There’s been a lot of hype recently about the emergence of technologies like ChatGPT and the effects they will have on science and society. Linguists have been especially curious about what highly successful large language models (LLMs) mean for their business.
The Oxford Etymologist tackles the convoluted history of “bud” and “buddy” – the final part of the series.
One of the best ways organisations can enhance their employees’ careers is through access to career coaching. Career coaching can be accessed through external providers or delivered internally by suitably trained members of staff.
How can the public health community use the commercial determinants of health lens to better protect human and planetary health and reduce the stark health inequities that characterize the world today? We suggest four cross-cutting strategies.
There is a network of intertextual links between Walter Scott and James Joyce. Richard Barlow teases out some of the allusions and references to Scott and his work in Joyce’s texts, comparing the different visions of history offered by these two writers.
The Oxford Etymologist tackles the convoluted history of “bud” and “buddy”.
Does the recent, impressive performance of Large Language Models, such as OpenAI’s ChatGPT, have any repercussions for the way in which linguists carry out their work? And what is a Language Model anyway?
A future human mission to Mars will be very dangerous, both as a result of factors already known but intensified, as well as new risk factors. It is worth raising the question of the ethicality of the decision to send humans into such a dangerous environment.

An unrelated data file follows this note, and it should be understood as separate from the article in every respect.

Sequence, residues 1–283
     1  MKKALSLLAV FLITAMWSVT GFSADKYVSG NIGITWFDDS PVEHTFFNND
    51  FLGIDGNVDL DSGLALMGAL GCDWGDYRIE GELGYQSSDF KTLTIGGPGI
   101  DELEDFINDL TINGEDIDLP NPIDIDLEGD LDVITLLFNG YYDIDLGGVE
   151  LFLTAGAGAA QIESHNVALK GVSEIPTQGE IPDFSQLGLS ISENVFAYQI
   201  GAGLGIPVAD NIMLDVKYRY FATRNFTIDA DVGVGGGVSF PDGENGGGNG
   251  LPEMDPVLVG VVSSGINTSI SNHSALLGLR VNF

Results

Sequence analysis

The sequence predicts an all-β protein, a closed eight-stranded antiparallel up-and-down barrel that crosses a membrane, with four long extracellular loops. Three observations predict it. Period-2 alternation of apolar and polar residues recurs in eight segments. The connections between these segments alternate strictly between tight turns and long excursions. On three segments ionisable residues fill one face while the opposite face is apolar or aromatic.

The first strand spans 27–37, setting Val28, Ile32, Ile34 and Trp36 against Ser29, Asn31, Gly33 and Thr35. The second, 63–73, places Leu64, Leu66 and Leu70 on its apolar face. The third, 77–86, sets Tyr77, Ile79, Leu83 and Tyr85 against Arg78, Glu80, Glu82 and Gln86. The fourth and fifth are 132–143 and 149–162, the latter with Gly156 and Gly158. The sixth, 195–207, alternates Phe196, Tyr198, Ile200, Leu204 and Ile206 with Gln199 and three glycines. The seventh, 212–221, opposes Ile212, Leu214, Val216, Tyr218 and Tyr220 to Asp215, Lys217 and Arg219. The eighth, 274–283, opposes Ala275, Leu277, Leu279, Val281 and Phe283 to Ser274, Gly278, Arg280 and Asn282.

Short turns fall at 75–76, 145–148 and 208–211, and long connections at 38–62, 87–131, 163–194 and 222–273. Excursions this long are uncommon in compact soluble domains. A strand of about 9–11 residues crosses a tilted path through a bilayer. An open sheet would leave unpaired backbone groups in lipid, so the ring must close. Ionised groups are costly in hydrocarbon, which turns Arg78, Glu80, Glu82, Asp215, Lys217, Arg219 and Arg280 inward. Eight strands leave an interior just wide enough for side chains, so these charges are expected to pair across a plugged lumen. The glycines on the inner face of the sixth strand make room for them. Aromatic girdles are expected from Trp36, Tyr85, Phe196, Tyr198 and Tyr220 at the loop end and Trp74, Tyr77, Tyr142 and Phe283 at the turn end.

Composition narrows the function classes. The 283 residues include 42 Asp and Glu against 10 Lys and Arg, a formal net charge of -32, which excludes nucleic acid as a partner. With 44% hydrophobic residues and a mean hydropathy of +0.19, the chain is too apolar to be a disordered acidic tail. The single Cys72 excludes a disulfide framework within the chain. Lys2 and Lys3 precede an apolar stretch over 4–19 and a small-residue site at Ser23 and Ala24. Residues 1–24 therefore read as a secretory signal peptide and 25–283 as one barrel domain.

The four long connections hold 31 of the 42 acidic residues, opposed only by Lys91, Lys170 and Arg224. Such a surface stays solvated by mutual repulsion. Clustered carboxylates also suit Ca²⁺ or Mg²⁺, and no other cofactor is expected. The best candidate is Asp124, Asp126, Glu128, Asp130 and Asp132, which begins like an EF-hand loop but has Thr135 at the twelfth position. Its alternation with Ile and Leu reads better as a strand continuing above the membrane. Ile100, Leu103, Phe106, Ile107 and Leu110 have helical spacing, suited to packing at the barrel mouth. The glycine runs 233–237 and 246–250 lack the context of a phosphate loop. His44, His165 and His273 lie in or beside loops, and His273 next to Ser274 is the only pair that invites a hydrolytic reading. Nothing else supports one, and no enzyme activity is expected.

In this interview, Eduardo Salas and Scott Tannenbaum share their thoughts on the future of work and how to build a successful team.
When the pandemic occurred, a major shift to virtual work occurred out of necessity and those in corporate settings adapted magnificently to a new way of working. Where does this leave the corporate office and what are the long-term ramifications for hybrid and remote work?
During the news coverage of the COVID pandemic, I enjoyed seeing Dr Anthony Fauci on television and hearing his old-school Brooklyn accent. My favorite expression to listen for was his use of “down the pike” to mean “in the future.”
From deadness to life: how today’s conservative Protestants recovered and adapted the Protestant ethic
Andrew Lynn explains how the Protestant faith and work movement is reformulating and creatively adapting earlier theological frameworks in order to make them fit with both contemporary work life and with contemporary ideals about work.
Observing how various words for “friend” originate and develop is a rather curious enterprise.
Scholars continue to explore the role of sexuality in private lives—from the retrospective discovery of transgendered people in historical archives to present questions of identity and representation in social media—with the understanding that those who identify as LGBTQ+ have always existed and have fought tirelessly to advance their rights.
One of the many tragedies of the religious currents swirling around the capitol insurrection and the amplification of white Christian nationalist discourse in American politics and public life is the cementing of evangelicalism with whiteness and Trumpism in the minds of many Americans.
All over the Indo-European map, the main word of negation begins with “n”. What is in this sound that invites denial, refutation, or repulsion?